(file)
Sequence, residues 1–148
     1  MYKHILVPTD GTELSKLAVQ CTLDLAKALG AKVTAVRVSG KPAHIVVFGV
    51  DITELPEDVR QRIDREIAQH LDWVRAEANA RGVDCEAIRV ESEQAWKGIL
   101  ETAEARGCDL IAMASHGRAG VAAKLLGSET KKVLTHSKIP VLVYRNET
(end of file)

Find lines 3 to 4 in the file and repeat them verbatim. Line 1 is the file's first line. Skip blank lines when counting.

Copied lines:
    51  DITELPEDVR QRIDREIAQH LDWVRAEANA RGVDCEAIRV ESEQAWKGIL
   101  ETAEARGCDL IAMASHGRAG VAAKLLGSET KKVLTHSKIP VLVYRNET